Nutmeg's sordid past


Eggnog, spice cake, and the ubiquitous pumpkin spice latte share one of the holiday season's most familiar fragrances: nutmeg. Cooks and bakers alike enjoy the warm flavor it lends to food, but once you learn about its dark past, you might look at nutmeg a bit differently.

In NPR's interview, you'll learn that the tale of the spice, according to historian Michael Krondl, "has been one of the saddest stories of history." The early spice industry is fraught with accounts of abuse and mistreatment of indigenous cultures, and nutmeg's story is no exception. The Dutch, in an effort to monopolize the trade, tortured and massacred the people of the Banda Islands in Indonesia, the main source of the spice.

What made nutmeg worth going to such lengths? Krondl calls the spice "the iPhone of the 1600s." Wealthy patrons had to have the fashionable and exotic substance. In the following centuries, nutmeg was thought to have medicinal properties, protecting people from colds and other ailments with its 'warming' ability. It allegedly even induced hallucinations, "or at least a nutmeg bender," according to an account from The Atlantic.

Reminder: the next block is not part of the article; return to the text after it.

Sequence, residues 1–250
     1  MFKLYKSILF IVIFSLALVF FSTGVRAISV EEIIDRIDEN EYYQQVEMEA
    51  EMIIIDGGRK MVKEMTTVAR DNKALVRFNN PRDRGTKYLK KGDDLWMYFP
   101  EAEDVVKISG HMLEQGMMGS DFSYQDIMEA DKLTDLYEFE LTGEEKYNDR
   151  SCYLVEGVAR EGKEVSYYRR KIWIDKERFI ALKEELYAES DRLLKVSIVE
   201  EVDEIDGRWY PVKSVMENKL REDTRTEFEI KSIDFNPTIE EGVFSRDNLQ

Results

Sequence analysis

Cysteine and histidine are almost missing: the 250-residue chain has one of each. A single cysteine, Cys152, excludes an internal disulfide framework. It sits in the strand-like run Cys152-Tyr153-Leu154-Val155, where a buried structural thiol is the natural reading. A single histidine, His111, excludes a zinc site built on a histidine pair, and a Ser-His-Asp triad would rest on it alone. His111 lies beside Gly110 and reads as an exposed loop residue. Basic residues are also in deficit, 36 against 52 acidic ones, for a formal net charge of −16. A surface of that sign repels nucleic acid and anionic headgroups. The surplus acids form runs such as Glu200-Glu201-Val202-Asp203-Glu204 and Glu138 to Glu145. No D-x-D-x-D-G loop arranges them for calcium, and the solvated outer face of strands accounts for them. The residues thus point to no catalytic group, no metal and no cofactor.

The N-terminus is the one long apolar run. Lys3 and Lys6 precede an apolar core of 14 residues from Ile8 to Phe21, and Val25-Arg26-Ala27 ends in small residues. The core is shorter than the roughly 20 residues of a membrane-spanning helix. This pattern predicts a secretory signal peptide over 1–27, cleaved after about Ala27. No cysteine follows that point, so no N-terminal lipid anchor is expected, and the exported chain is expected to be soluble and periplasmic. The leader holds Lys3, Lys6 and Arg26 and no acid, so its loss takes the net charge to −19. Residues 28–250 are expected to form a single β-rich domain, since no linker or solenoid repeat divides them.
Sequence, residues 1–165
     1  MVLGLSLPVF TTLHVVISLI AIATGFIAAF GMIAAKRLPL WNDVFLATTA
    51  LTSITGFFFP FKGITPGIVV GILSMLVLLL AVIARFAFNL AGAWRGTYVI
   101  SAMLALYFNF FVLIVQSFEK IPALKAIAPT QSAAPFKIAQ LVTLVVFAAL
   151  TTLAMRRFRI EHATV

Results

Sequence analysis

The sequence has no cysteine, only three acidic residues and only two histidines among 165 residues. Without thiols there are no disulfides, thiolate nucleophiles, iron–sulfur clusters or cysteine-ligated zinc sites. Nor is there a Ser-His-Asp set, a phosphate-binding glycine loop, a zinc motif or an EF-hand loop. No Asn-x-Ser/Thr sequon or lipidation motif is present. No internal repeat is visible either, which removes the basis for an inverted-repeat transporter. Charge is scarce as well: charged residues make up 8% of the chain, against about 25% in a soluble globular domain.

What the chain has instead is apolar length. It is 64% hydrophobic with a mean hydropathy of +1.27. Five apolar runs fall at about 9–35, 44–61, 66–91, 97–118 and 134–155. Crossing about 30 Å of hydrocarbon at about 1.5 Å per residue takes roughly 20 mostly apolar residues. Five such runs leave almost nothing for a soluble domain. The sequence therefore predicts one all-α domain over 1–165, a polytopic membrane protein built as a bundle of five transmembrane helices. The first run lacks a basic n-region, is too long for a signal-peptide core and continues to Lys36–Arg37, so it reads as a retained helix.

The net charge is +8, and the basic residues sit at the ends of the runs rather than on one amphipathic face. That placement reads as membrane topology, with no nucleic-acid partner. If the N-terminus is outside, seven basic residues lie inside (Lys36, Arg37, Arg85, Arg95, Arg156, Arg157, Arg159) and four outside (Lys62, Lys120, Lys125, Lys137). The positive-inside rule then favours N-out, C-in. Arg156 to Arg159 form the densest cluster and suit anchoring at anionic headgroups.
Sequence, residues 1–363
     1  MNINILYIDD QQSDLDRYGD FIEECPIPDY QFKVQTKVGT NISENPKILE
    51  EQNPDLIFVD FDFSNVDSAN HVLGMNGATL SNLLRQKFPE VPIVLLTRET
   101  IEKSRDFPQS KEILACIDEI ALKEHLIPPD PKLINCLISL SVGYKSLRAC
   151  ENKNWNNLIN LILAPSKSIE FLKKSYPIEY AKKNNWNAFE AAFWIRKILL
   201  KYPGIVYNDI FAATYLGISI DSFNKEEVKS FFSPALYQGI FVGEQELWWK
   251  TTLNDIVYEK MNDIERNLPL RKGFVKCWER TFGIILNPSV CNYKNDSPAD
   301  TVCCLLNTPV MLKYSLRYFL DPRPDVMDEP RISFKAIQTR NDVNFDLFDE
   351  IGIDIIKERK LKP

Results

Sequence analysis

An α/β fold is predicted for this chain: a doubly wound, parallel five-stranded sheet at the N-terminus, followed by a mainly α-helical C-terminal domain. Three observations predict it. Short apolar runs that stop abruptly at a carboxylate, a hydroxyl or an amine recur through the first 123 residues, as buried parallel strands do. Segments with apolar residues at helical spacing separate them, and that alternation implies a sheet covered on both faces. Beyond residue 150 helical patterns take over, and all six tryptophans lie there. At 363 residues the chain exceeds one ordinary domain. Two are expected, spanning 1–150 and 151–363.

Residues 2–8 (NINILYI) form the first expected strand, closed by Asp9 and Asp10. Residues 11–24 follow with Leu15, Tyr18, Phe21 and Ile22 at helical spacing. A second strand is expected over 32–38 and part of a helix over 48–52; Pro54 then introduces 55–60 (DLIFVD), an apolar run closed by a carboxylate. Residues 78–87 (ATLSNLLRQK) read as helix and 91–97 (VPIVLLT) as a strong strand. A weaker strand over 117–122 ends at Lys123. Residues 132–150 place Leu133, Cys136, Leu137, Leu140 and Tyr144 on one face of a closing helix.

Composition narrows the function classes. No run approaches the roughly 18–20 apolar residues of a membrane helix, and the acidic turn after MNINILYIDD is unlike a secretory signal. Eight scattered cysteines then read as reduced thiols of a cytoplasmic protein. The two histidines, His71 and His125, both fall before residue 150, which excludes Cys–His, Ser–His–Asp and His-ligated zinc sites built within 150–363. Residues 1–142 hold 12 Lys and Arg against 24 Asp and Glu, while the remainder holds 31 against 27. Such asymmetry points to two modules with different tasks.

Listen to the story to learn more, including how nutmeg went from an exotic substance only the very wealthy could afford to one available to the masses.

Photo of whole nutmeg by Darcie Boschee

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